12. expression_timepoints: A row containing a list of the time points when the data was collected experimentally. Should correspond to the timepoint column headers in the STRAIN_log2_expression sheets.
      13. Strain: A row containing a list of all of the strains for which there is expression data in the workbook. Should correspond to the "STRAIN" portion of the names of the STRAIN_log2_expression sheets for each strain.
      14. simulation_timepoints: A row containing a list of the time points at which to evaluate the differential equations to generate the simulated data. This does not need to correspond to the actual measurement times, but should be in the same units (e.g. minutes).
    7. threshold_b sheet
      • Two columns: "id" and list the standard names for the genes in the model in the same order as in the other sheets. The second column should contain the initial guesses, typically all 0.
  • Save Excel as Input_Sheet_Skeleton_TM_2015-11-18.xlsx
  • Find out procedure for using Microsoft Access

Notes for Microsoft Access

  • Database is a glorified spreadsheet program. Allows for persistent storage of data - can look like excel. It has a more complex structure and behaviors.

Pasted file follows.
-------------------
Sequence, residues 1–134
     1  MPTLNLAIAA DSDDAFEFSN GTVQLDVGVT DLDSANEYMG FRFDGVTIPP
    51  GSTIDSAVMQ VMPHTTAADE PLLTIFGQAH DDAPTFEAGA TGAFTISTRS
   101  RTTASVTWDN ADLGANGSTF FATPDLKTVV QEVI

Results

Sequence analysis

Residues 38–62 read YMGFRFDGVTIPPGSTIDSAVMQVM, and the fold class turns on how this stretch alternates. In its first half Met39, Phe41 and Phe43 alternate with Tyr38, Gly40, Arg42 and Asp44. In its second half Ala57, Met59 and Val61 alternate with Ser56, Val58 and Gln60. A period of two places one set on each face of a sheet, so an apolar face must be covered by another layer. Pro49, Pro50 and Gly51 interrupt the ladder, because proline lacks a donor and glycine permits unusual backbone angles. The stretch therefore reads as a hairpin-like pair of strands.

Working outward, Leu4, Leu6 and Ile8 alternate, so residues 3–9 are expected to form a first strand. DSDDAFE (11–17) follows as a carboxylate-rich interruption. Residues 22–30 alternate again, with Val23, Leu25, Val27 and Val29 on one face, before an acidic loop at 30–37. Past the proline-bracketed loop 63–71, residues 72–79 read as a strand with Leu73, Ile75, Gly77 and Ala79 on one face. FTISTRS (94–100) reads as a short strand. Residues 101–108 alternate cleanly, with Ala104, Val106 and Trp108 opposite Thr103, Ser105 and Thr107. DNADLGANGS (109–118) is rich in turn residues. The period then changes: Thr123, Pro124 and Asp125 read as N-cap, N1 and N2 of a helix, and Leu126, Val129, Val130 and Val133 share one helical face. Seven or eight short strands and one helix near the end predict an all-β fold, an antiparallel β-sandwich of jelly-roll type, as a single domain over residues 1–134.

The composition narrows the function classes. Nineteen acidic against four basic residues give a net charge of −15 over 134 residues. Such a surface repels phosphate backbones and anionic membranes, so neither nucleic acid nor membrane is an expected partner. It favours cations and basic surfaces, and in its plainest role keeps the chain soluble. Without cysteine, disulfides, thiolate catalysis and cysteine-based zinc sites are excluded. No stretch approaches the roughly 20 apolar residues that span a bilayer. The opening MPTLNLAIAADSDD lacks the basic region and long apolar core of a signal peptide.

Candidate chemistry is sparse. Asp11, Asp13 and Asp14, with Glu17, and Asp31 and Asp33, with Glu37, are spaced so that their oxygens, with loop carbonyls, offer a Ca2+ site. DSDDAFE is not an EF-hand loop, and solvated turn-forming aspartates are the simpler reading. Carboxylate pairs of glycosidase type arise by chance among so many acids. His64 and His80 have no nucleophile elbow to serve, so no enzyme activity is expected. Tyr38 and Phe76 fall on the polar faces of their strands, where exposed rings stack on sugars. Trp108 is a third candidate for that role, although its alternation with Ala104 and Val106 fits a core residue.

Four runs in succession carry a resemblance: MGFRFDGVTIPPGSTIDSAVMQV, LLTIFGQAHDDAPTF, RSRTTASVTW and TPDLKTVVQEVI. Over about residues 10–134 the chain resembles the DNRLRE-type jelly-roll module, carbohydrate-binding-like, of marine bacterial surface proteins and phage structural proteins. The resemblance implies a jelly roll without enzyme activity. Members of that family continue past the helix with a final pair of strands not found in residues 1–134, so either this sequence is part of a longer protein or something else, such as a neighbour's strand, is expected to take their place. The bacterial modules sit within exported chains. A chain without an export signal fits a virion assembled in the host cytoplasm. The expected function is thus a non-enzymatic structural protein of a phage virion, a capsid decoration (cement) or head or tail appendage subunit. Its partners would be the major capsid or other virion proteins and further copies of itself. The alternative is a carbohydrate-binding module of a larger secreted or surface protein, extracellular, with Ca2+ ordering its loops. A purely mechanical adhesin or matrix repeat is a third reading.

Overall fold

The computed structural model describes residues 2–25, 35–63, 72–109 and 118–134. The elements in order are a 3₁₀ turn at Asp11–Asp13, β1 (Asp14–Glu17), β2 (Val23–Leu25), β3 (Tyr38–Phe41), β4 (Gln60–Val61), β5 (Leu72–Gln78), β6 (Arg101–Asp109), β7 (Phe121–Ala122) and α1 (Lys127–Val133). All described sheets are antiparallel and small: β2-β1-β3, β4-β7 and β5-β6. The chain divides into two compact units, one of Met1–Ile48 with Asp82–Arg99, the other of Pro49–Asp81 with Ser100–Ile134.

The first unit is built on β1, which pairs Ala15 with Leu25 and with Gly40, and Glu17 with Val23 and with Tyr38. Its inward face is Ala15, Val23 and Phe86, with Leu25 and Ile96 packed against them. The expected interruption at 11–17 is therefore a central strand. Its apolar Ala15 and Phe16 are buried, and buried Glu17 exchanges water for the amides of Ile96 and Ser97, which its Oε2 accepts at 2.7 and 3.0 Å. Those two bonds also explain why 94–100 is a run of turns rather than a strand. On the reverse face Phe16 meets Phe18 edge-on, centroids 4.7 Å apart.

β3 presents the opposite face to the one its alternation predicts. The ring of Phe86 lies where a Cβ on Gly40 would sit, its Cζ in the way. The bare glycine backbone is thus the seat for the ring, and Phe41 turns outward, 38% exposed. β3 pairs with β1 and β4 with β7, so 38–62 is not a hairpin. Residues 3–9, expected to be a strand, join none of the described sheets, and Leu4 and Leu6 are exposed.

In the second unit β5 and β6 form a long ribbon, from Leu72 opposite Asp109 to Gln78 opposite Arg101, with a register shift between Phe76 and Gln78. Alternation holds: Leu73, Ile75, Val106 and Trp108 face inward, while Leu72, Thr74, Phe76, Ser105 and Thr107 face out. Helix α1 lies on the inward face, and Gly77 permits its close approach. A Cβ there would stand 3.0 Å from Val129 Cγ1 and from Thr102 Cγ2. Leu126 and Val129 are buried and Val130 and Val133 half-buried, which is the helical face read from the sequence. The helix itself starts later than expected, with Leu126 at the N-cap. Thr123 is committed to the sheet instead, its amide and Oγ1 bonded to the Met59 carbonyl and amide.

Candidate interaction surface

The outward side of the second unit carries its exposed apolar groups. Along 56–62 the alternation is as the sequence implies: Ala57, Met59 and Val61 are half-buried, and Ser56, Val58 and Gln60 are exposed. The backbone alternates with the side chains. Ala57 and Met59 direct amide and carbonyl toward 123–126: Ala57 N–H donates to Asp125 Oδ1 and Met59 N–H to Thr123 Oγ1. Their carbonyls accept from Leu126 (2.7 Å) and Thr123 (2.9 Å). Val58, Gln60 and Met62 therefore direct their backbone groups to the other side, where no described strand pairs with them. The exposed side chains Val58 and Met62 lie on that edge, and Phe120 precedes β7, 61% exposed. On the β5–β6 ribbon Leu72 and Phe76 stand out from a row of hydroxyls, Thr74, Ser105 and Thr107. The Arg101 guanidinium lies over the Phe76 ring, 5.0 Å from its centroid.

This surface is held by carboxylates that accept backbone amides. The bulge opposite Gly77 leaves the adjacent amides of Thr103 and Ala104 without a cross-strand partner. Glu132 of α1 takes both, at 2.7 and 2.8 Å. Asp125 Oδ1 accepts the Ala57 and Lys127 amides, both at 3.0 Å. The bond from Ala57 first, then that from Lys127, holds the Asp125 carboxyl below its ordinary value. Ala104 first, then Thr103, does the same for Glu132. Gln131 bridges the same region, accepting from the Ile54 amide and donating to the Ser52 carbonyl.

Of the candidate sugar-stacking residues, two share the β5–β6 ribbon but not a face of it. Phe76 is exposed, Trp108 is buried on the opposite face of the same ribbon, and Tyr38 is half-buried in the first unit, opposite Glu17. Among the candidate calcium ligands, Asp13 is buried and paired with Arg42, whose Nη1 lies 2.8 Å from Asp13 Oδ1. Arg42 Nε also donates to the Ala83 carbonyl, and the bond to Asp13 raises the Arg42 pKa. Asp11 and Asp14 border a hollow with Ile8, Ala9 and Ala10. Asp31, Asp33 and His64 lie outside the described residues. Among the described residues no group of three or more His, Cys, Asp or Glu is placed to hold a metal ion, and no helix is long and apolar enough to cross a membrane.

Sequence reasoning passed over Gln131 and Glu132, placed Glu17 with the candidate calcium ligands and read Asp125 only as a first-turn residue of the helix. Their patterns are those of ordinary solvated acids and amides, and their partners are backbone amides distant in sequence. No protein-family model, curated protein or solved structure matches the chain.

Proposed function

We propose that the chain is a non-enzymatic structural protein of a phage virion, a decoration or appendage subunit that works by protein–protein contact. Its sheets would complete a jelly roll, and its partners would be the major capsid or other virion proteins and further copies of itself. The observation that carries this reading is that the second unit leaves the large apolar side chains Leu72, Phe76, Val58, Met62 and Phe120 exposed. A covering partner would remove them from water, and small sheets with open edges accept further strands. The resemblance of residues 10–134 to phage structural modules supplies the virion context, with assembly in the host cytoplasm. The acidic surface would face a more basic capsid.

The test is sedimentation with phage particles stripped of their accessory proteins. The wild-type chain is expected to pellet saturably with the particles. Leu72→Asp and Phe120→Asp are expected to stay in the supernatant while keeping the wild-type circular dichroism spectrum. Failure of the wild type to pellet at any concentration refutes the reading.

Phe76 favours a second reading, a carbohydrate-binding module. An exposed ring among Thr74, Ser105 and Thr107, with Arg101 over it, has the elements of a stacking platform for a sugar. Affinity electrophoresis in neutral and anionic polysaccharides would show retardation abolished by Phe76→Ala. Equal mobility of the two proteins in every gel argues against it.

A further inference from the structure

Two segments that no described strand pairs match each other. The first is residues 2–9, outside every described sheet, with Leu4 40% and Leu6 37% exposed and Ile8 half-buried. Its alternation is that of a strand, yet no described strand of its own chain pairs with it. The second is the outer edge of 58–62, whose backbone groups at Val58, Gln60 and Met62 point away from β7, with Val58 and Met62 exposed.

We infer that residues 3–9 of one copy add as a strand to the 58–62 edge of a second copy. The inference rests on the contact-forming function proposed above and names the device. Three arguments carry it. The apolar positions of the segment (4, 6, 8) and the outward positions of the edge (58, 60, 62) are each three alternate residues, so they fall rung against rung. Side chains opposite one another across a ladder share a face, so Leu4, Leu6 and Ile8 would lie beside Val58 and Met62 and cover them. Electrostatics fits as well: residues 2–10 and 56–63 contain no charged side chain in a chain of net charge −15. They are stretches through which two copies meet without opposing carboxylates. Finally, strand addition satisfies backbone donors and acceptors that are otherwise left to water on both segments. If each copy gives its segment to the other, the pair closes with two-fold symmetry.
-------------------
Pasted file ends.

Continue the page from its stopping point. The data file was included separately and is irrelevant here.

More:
• Editing a database table saves it automatically. Do not edit data directly. Be careful.
  • When working with database program, it automatically saves file. Makes a default filename and location.
  • Gene IDs become primary key. For our database to work properly, you need to have a primary key.
  • Database tables, conceptually break tables down (similar to tabs in excel).
  • Use database to write a query. Can relate table by primary key system. Mathematical formulation.
  • Use database to pull list of data out for us in a simple query.
  1. Open Microsoft Access, chose a blank database and select a name & location.
  2. External Data
    • Import side: Excel and choose normalized data
    • When prompted chose the Rounded_Normalized_Data keep all defaults until getting to the primary key.
    • Choose primary key for the ID field
    • Name of table should be Rounded_Normalized_Data
      • Do not need to save import steps
      • Import error: NAs were turned into space characters, must go back into Excel and delete spaces.
        • Go back to Master_Sheet and turn space into nothing and try again
  3. Double click Master_Sheet
  4. Make another Table - copy and paste in genes from networks
  5. Go Create > Query Design, add both tables
    • Match fields that have the same names - drag ID to ID
    • Right click on line -> Join properties (choose option 2 "Include all records from Table 1 and only...")
    • Choose what data you want to bring
  6. Click "Make Table" and Run
    • Table Name "Query_Results"
  7. Can do two things
    1. Copy and Paste into Excel